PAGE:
Myanmar leader defends genocide claims


Myanmar’s leader Aung San Suu Kyi has defended her country against allegations of genocide at the UN International Court of Justice (ICJ).

The Gambia filed the case at the ICJ, alleging that Myanmar violated the 1948 Genocide Convention by committing atrocities against Muslim Rohingya during an army crackdown in 2017.

Thousands of Rohingya were killed in the violence with over 700,000 others fleeing to neighbouring Bangladesh.

But Myanmar’s leader said The Gambia’s claims are factually misleading.

“Regrettably, The Gambia has placed before the court a misleading and incomplete picture of the situation in Rakhine state,” said Suu Kyi.

She argues that the military’s clearance operations in Rakhine, where many Rohingya lived, were a justifiable response to acts of “terrorism” by rebels and says its soldiers acted appropriately.

“Please bear in mind this complex situation and the challenge to sovereignty and security in our country when you are assessing the intent of those who attempted to deal with the rebellion,” she said. “Surely under the circumstances, genocidal intent cannot be the only hypothesis.”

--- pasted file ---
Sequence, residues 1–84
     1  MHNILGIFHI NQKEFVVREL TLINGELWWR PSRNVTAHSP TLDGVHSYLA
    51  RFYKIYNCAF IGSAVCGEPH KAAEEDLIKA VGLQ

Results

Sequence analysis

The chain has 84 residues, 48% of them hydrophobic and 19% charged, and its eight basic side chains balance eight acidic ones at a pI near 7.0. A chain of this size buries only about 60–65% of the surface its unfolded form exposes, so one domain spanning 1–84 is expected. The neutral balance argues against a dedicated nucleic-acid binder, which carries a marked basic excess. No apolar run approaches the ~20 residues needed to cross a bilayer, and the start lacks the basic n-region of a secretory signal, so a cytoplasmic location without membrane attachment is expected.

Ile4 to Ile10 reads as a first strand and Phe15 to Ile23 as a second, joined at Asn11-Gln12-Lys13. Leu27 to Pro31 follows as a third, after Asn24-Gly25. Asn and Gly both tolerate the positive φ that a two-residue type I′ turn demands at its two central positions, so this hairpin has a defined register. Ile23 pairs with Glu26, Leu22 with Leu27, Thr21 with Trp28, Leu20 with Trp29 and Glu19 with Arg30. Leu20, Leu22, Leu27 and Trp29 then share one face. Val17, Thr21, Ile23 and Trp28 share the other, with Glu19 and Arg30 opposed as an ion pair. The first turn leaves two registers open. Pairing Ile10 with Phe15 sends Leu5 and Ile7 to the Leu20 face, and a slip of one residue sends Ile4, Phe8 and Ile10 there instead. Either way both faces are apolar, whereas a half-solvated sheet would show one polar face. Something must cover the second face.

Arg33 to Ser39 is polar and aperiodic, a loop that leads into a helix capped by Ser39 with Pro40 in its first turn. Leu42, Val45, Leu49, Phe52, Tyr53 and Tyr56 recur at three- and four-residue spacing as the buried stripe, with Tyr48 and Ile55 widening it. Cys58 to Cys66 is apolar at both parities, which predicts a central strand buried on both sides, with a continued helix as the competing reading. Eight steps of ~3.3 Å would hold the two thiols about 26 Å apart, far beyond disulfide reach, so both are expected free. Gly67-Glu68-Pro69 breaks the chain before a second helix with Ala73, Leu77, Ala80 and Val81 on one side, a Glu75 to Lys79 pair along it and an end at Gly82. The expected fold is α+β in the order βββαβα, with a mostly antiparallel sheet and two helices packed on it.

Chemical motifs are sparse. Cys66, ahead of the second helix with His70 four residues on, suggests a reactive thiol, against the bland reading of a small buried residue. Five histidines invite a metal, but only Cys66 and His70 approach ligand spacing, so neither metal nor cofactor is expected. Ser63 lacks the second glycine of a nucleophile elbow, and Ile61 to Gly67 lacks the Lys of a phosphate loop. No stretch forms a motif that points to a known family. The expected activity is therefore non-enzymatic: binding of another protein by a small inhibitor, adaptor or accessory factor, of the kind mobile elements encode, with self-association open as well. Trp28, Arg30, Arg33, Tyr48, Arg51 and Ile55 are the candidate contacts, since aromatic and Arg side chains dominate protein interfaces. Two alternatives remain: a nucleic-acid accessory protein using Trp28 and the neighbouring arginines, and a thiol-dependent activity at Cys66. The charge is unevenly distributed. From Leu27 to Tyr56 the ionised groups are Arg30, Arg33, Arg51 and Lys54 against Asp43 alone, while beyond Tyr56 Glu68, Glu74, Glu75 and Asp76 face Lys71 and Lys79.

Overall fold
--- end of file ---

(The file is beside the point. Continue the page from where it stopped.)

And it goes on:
Suu Kyi acknowledged that the army may have used force but that did not prove it was trying to wipe out the minority group.

As of 30 September, there were 915,000 Rohingya refugees in camps in Bangladesh. Almost 80% arrived between August and December 2017, and in March this year, Bangladesh said it would accept no more.

For now, The Gambia is just asking the court to impose “provisional measures” to protect the Rohingya in Myanmar and elsewhere from further threats or violence.

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